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Hops, Who Needs ’em? A History of Gruit Ales.

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First published on Edible East End

The Mash Recirculating with Frank Filachione and Zippy

The Mash Recirculating with Frank Filachione and Zippy

“Gruit? Did you mean to write fruit?” was one of the edits we received after writing about a Taste of Long Island for the fall issue and the herbal gruits the Brewers Collective plans to make there. Similarly, when we brewed a gruit for the Spring Craft Beer Festival at Nassau Coliseum about half the patrons ordered the “herbal fruit”, which admittedly does have a nice ring to it. So all this confusion raises the question: What the heck is a gruit?

Today beer and ale are often used as synonyms, but there is a distinct difference between the two. Ales do not contain any hops, a key ingredient in beer for bittering and preservation. Hops are the female flowers of Humulus lupulus and were introduced to ale around 1079 in Germany although they did not truly catch on until the 13th century. Prior to hops becoming an integral ingredient in beer, ale was flavored with what is known as gruit. Gruit is a mix of herbs, flowers, seeds or other flavoring components used to balance out the malty flavor of an ale. Heather is the most traditional ingredient, but brewers can get creative and use any mixture they desire.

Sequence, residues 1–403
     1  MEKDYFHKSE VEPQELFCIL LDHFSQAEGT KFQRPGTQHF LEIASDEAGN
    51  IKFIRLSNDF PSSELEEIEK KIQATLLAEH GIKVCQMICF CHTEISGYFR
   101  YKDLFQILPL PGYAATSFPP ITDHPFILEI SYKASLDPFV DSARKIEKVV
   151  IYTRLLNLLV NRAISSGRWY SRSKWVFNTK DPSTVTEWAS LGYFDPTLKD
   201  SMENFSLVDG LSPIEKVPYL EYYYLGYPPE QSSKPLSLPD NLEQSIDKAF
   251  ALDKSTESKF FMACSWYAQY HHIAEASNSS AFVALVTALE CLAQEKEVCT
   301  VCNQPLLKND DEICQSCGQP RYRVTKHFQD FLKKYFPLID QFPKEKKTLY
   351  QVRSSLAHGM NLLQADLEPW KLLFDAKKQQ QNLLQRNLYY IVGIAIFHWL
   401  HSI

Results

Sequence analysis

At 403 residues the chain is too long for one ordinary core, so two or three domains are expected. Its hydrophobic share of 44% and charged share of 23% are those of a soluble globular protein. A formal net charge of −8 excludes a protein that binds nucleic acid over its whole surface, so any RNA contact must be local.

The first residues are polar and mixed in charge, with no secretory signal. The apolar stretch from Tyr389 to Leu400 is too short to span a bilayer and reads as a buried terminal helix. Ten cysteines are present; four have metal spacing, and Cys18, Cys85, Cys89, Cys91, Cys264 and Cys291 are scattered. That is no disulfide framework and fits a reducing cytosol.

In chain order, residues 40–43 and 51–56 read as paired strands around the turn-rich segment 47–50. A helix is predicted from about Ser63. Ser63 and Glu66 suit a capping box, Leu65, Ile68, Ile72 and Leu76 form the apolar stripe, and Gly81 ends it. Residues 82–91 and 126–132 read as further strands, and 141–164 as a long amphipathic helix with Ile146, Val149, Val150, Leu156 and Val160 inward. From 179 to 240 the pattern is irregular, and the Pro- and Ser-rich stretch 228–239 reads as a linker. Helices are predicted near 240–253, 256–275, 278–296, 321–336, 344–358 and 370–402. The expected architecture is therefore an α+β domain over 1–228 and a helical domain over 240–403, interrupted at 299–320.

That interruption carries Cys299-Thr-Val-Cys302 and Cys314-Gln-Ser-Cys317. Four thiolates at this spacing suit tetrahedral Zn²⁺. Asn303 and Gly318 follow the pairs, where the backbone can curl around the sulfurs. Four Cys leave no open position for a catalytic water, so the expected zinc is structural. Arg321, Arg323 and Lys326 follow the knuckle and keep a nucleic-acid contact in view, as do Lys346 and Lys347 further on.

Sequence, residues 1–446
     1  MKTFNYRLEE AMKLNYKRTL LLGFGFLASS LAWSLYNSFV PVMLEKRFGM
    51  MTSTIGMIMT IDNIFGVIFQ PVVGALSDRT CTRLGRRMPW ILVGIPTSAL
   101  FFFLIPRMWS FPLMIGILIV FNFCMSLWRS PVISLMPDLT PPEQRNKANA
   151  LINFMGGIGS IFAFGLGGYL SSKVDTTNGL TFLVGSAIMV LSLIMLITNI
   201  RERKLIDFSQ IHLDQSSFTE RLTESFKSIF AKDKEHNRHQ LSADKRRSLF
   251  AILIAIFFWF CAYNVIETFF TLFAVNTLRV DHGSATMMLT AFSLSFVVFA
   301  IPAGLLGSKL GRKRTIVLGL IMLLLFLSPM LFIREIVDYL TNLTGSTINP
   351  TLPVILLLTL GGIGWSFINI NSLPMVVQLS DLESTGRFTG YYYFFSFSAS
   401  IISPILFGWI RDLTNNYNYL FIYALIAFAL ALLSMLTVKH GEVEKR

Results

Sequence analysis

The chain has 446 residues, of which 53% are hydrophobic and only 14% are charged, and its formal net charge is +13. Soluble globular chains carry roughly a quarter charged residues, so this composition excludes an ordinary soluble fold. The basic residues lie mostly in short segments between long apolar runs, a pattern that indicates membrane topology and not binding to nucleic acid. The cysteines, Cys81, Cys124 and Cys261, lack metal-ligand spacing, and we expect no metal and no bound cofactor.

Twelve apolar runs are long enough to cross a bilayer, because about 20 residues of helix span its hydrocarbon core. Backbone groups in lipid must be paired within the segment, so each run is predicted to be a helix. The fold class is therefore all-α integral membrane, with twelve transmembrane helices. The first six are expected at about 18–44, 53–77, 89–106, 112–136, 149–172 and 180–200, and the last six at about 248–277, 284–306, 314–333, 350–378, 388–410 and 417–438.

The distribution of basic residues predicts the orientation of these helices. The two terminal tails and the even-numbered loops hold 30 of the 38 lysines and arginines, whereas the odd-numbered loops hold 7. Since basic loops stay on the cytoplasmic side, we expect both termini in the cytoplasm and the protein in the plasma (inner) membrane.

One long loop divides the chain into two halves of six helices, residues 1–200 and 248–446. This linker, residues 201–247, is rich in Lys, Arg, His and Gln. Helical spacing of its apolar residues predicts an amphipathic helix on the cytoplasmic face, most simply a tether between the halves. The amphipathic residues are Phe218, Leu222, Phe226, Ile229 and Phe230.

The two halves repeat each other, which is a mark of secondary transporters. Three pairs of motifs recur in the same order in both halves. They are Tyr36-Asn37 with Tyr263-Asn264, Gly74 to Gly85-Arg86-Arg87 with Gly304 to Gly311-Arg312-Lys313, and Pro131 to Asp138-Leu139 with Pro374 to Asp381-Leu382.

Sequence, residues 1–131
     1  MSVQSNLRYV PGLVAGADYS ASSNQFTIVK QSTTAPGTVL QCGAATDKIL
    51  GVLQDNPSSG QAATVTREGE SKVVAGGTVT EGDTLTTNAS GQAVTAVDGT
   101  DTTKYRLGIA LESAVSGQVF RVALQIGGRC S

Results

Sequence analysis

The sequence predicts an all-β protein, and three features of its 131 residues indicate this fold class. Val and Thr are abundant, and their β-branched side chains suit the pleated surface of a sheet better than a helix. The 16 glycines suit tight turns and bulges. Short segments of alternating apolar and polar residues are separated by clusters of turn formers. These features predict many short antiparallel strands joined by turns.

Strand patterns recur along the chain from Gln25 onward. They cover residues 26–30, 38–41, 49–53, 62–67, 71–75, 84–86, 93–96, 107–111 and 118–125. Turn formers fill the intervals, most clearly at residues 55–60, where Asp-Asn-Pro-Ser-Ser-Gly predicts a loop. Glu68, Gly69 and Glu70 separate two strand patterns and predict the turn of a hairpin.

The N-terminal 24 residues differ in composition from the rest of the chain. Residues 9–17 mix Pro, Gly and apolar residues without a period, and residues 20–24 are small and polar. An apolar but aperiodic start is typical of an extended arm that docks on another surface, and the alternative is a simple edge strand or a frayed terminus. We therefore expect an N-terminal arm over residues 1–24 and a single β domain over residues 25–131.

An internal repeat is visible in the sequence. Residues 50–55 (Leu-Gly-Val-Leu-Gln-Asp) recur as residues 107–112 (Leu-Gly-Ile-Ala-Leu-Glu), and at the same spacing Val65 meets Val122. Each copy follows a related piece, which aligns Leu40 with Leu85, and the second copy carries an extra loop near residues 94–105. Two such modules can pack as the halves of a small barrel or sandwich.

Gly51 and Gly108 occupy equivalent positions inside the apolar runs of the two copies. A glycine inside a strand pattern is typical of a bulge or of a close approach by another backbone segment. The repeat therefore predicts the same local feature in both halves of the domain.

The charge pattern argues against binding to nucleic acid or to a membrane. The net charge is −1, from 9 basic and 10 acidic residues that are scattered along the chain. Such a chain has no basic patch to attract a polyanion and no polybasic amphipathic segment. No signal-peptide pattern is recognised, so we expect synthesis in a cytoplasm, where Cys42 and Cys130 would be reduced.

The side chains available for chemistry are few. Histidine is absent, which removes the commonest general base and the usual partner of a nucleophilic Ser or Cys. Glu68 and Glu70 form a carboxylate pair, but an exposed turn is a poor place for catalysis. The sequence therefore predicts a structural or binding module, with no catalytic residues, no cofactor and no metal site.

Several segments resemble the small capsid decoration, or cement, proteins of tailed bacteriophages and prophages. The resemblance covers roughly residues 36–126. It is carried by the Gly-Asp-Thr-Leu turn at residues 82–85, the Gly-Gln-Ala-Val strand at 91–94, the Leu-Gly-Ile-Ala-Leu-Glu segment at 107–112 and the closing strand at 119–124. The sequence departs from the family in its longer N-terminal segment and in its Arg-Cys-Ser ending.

As homebrewers our favorite gruit that we brewed along with Frank Filacchione of Long Island Beer & Malt Enthusiasts used spruce tips, rosemary and citrus zest. The idea to brew a gruit developed slowly; we originally just knew we wanted to do something that would stand out among the hundreds of other brews at a beer festival. Since many breweries are producing beers with more and more hops, we thought it would be interesting to go another way. As Filacchione put it, “Regular beer can get boring sometimes. Where else can you taste and smell herbs in a beer?” The brewing process is very similar, with the only difference coming at the point where hops would normally be added. Otherwise most homebrew recipes can be adapted to include herbal bittering and flavoring agents instead of hops. If you’re feeling adventurous and want to try something new Williams Brothers Fraoch Heather Ale, The Beer Diviner Ancient Gruit (made upstate) and Professor Fritz Briem 13th Century Grut Bier are all commercial examples available on Long Island.

The Mash of our Gruit Ale

The Mash of our Gruit Ale

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